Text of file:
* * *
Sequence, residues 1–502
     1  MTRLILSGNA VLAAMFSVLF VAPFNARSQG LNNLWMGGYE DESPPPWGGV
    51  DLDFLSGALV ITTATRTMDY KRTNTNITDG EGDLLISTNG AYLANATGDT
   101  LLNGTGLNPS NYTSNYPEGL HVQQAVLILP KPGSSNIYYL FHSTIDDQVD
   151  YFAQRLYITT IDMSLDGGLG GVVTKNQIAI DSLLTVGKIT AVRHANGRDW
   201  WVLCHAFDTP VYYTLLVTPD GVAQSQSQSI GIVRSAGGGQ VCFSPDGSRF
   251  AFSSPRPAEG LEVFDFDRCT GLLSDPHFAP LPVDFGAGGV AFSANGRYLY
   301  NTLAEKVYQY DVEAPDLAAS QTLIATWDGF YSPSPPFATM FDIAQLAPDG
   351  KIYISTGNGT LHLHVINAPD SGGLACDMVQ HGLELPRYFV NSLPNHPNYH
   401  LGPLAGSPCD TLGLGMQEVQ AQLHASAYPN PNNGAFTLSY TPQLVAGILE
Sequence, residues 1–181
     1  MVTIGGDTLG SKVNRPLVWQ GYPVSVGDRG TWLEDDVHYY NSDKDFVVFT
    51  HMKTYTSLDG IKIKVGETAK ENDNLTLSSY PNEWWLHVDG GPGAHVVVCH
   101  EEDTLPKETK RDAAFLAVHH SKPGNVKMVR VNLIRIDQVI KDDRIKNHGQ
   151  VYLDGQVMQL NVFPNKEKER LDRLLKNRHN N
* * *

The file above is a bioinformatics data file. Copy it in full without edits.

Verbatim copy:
Sequence, residues 1–502
     1  MTRLILSGNA VLAAMFSVLF VAPFNARSQG LNNLWMGGYE DESPPPWGGV
    51  DLDFLSGALV ITTATRTMDY KRTNTNITDG EGDLLISTNG AYLANATGDT
   101  LLNGTGLNPS NYTSNYPEGL HVQQAVLILP KPGSSNIYYL FHSTIDDQVD
   151  YFAQRLYITT IDMSLDGGLG GVVTKNQIAI DSLLTVGKIT AVRHANGRDW
   201  WVLCHAFDTP VYYTLLVTPD GVAQSQSQSI GIVRSAGGGQ VCFSPDGSRF
   251  AFSSPRPAEG LEVFDFDRCT GLLSDPHFAP LPVDFGAGGV AFSANGRYLY
   301  NTLAEKVYQY DVEAPDLAAS QTLIATWDGF YSPSPPFATM FDIAQLAPDG
   351  KIYISTGNGT LHLHVINAPD SGGLACDMVQ HGLELPRYFV NSLPNHPNYH
   401  LGPLAGSPCD TLGLGMQEVQ AQLHASAYPN PNNGAFTLSY TPQLVAGILE
Sequence, residues 1–181
     1  MVTIGGDTLG SKVNRPLVWQ GYPVSVGDRG TWLEDDVHYY NSDKDFVVFT
    51  HMKTYTSLDG IKIKVGETAK ENDNLTLSSY PNEWWLHVDG GPGAHVVVCH
   101  EEDTLPKETK RDAAFLAVHH SKPGNVKMVR VNLIRIDQVI KDDRIKNHGQ
   151  VYLDGQVMQL NVFPNKEKER LDRLLKNRHN N